Influence of ICT Weather Forecasting on Agricultural Productivity in Kenya: A Literature Based Review
This study aimed to establish the influence of ICT weather forecasting on agricultural productivity in Kenya. The paper used a desk study review methodology where relevant empirical literature was reviewed to identify main themes and conclusion drawn based on the reviewed literatures. The study was guided by the following specific objectives; to establish the ICT weather forecasting practices used on agricultural production in Kenya, to establish the extent of use of ICT on weather forecasting in Kenya and to determine the challenges hindering ICT weather forecasting on agricultural productivity in Kenya. Agriculture in Kenya is an important fundamental in economic development; it contributes 35% of the gross domestic product (GDP) and constitutes 40% of the export earnings. Thus, weather forecast helps farmers on many fronts such as helping them make informed decisions. Weather affects the entire agriculture chain, whether it is determining which seeds are most effective in certain soil conditions, helping farmers decide how much water to use for crops, or deciding how many crops to raise based on weather conditions at various level. Precision agriculture based upon weather analytics is becoming even more important. Information and communication technology in agriculture (ICT in agriculture), has been developing and applying innovative ways to use ICTs in the rural domain, with a primary focus on agriculture on weather forecasting. The study concluded that climate uncertainty also has a negative impact on the providers of credit and markets for productive inputs and can make it difficult for smallholder farmers to benefit from agricultural markets. Climate information reduces uncertainty and can help farmers make better use of new seeds and technologies. The study recommended that meteorologists should consider linkages with end users of forecast information to develop user-oriented products, communicate the information in the user’s local languages (particularly the pastoral communities), and develop techniques for raising the awareness of the user communities on the benefits of using weather information in agricultural practices decision-making. The study recommends that weather forecasts be devolved to the counties in developing informed agricultural decisions. It further recommends that language and communication of the weather information be improved in temporal and spatial scales with the use of new and emerging technology. KMS should enhance its efforts in awareness creation and public understanding of weather services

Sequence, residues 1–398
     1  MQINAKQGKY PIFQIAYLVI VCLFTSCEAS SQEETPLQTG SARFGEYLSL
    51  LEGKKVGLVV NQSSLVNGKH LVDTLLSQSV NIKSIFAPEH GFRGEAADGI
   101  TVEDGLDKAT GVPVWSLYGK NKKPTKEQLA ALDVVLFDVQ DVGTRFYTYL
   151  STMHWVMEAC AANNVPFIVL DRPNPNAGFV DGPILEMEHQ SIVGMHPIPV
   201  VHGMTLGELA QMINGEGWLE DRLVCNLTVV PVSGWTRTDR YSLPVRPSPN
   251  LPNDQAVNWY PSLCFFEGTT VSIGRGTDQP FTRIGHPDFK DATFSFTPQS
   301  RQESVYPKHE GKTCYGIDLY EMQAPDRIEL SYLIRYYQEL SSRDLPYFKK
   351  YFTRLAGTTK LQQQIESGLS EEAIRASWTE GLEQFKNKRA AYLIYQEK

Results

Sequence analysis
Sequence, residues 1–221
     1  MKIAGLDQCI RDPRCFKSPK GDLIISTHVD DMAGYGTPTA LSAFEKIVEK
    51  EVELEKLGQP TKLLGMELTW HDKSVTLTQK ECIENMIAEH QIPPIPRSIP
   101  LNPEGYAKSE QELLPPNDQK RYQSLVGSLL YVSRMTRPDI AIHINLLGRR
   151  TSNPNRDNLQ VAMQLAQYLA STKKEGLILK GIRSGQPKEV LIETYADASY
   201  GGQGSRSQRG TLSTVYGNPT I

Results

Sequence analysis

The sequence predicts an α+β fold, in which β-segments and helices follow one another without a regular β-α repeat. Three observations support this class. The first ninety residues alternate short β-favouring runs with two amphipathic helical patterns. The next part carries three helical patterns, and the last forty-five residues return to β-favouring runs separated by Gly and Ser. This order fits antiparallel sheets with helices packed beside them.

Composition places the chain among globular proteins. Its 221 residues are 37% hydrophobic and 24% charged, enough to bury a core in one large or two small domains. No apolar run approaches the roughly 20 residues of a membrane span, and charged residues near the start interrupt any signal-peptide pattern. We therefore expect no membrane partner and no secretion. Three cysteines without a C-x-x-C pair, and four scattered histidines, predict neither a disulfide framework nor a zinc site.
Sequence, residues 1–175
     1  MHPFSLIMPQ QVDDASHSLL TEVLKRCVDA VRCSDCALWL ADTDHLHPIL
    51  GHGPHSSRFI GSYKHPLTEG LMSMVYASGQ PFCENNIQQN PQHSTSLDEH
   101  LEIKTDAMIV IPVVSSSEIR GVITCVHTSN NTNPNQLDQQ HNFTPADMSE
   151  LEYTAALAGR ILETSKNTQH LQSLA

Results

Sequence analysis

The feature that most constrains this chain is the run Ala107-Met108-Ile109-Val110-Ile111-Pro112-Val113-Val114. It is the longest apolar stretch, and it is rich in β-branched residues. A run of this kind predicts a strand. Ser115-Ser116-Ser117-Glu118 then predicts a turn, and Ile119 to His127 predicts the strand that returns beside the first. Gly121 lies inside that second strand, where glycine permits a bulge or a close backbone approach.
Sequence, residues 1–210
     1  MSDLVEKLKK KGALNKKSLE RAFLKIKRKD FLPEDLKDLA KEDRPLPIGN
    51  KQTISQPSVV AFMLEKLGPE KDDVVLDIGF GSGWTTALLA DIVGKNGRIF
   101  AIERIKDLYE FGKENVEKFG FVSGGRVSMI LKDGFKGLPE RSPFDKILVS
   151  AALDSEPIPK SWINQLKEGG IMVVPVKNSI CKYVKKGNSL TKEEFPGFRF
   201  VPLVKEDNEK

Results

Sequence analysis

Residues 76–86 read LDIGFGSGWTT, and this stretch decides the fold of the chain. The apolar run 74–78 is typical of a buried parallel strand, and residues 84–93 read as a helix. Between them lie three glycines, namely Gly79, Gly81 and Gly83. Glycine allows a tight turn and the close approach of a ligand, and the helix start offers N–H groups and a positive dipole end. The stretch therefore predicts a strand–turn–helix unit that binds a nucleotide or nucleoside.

Keywords: ICT, Weather Forecasting, Agricultural Productivity & Kenya.
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